Obituary for Dr. Thomas Francis, Jr.
Dr. Thomas Francis, Jr. was a physician, virologist and epidemiologist — and a true American hero.
A physician, virologist, and epidemiologist, Thomas Francis Jr.—T.F. or Tommy to his friends—was born in Gas City, Indiana. The son of a steelworker and part-time minister, Francis grew up in western Pennsylvania, graduated from Allegheny College on scholarship in 1921, and received his medical degree from Yale in 1925. From there he went to the Rockefeller Institute, where he joined an elite research team then preparing vaccines against bacterial pneumonia. Francis soon switched diseases, however, and took up influenza research. He became the first American to isolate human flu virus.
In 1933, Francis married Dorothy Packard Otton, and they had two children. By 1938, he had become a professor of bacteriology and chair of the department of the New York University College of Medicine, where he remained until 1941.
That year, Francis received an invitation from Henry F. Vaughan to join the newly established School of Public Health at the University of Michigan. Earlier in the year, he had also been appointed director of the Commission on Influenza of the United States Army Epidemiological Board. Under the auspices of the commission, Francis took part in the successful development, field trial, and evaluation of protective influenza vaccines.
At Michigan, Francis built a virus laboratory and a Department of Epidemiology that quickly focused on a broad range of infectious diseases. When Jonas Salk came to the University of Michigan in 1941 to pursue postgraduate work in virology, it was Francis who taught him the methodology of vaccine development. Salk’s work at Michigan ultimately led to his polio vaccine.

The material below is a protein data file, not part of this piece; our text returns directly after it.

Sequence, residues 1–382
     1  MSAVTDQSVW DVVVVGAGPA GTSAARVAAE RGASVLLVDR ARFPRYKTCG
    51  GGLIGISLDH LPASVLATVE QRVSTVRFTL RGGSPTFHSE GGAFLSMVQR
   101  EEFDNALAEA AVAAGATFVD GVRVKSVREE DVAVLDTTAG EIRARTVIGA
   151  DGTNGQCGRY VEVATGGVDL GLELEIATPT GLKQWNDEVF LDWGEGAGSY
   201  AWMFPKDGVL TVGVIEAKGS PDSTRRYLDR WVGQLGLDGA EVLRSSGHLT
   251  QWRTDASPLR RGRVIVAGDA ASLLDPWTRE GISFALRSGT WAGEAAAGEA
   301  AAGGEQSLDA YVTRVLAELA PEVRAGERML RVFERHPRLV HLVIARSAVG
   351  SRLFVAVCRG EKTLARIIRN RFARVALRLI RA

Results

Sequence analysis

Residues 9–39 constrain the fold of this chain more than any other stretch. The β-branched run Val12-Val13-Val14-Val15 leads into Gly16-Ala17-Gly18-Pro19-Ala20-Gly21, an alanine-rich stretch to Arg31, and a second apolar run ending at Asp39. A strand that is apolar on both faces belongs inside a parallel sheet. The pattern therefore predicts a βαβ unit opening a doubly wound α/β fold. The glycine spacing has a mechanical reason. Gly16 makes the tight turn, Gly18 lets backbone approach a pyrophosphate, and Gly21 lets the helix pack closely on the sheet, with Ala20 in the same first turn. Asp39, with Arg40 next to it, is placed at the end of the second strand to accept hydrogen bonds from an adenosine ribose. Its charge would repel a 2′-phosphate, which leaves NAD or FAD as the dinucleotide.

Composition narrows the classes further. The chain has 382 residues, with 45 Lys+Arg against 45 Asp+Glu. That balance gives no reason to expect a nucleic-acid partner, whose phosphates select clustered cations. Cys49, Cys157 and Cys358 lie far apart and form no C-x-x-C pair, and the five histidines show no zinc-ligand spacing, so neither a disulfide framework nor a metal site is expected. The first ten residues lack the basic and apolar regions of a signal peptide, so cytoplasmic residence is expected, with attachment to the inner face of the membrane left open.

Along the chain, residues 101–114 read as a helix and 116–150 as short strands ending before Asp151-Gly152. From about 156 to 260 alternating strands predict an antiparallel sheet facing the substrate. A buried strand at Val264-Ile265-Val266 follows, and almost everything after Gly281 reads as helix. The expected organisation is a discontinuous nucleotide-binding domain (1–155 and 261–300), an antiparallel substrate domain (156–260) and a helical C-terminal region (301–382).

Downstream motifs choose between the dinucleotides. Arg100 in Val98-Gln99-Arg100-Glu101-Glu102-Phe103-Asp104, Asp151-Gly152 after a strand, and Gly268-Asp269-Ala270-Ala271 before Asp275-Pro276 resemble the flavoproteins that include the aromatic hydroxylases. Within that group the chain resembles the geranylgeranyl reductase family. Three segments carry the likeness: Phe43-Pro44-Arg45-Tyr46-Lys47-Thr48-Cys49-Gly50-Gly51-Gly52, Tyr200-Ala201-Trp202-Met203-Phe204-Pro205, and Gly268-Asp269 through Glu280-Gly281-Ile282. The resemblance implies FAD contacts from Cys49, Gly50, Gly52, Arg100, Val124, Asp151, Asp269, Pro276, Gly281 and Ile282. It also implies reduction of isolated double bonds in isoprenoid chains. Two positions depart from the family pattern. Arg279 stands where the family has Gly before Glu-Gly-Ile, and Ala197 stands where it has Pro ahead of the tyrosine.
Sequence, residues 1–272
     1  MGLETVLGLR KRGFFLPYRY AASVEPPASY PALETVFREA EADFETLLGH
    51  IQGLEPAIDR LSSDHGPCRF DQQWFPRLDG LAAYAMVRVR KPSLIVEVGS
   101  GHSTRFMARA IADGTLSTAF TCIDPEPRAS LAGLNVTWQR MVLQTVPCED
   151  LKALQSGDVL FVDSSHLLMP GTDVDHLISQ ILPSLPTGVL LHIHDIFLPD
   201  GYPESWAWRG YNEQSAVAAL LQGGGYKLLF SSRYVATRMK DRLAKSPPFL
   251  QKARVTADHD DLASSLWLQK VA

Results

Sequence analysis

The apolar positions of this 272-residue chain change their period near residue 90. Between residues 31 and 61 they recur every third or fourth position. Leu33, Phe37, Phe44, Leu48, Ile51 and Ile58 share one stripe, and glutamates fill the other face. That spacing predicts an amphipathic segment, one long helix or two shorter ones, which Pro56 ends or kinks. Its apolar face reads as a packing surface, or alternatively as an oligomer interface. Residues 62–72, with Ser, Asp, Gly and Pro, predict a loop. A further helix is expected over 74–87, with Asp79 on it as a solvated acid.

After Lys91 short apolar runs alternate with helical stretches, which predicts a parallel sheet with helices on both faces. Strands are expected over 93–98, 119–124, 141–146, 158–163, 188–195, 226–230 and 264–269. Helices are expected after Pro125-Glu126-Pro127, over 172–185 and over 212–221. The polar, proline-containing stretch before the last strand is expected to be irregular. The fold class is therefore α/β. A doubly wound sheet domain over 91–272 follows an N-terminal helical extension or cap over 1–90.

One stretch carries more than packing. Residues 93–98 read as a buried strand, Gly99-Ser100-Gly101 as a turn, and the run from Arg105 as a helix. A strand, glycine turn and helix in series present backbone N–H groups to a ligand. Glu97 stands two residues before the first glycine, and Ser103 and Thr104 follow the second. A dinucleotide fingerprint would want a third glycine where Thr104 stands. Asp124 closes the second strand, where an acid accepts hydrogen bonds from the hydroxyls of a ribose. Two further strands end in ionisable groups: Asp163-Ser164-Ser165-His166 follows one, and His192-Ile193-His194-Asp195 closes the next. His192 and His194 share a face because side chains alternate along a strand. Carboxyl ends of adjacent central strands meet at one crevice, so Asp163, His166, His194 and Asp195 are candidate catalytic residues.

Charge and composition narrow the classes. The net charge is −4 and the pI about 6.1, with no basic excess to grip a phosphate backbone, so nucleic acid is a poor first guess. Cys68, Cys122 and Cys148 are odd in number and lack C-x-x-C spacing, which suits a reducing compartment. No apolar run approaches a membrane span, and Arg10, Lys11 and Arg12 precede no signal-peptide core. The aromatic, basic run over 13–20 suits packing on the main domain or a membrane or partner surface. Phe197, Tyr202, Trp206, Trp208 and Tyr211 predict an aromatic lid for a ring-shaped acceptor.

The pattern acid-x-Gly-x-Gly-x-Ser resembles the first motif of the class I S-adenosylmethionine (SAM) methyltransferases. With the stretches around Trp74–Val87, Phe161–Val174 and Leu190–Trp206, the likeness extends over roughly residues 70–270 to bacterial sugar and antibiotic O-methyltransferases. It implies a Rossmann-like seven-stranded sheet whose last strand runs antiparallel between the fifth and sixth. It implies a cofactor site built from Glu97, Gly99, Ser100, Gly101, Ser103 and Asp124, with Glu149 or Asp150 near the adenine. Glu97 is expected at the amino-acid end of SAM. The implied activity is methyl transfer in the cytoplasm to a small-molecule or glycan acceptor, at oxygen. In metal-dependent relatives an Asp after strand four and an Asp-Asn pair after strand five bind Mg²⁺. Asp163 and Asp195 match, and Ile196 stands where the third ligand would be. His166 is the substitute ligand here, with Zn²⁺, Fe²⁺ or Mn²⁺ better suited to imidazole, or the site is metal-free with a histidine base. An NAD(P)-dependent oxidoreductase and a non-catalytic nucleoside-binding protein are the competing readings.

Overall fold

From his Ann Arbor base, Francis gained national and international renown. In 1947, the Regents of the University awarded him one of the first Michigan distinguished professorships, naming him the Henry Sewall University Professor of Epidemiology. In addition to his work at the School of Public Health, Francis joined the pediatrics faculty at the University’s Medical School.
By the late 1940s, Francis had extended his studies of viral disease to include studies of enteric viruses, particularly the polio virus. In 1953, he was asked to design, supervise, and evaluate the field trials of the polio vaccine developed by his former protegé, Jonas Salk. A man of exacting standards, Francis insisted on a double-blind means of statistical analysis, so that neither patients nor administering physicians knew whether an inoculation was a vaccine or a placebo. He also demanded a controlled observation trial. Approximately 1.8 million children from 217 areas of the United States, Canada, and Finland took part in the trial. In scope and magnitude, it was unprecedented. On April 12, 1955, Francis announced to an expectant world that the Salk vaccine was “safe, effective, and potent.”
Six months later, Francis visited Japan at the behest of the U.S. government’s Atomic Bomb Casualty Commission. Charged with determining new objectives and a new strategy for the commission, Francis authored the “Unified Study Program,” which contained plans to investigate the natural history of a population over its lifespan.
Francis subsequently turned to the study of the epidemiology of chronic disease, and he created the Tecumseh Study. His aim was to build a community laboratory in the town of Tecumseh, Michigan, which could take advantage of geography, history, and local culture to lay the groundwork for accumulated data from which it would be possible over a period of years to draw secure inferences on disease precursors. Through the Tecumseh Study, Francis contributed profoundly to scientists’ understanding of the epidemiology of chronic disease, and furthered his renown as a scientist, investigator, and innovator.
Throughout these years, Francis taught and served as an exemplary administrator at the University of Michigan. He received many honors and awards during his career, notably the Medal of Freedom from the U.S. Army in 1946. About his profession, Francis remarked, “Epidemiology must constantly seek imaginative and ingenious teachers and scholars to create a new genre of medical ecologists who, with both the fine sensitivity of the scientific artist, and the broad perception of the community sculptor, can interpret the interplay of forces which result in disease.” Thomas Francis Jr. died in 1969.
ARTICLE CREDIT: https://president.umich.edu/honors-awards/francis-medal/about-thomas-francis-jr/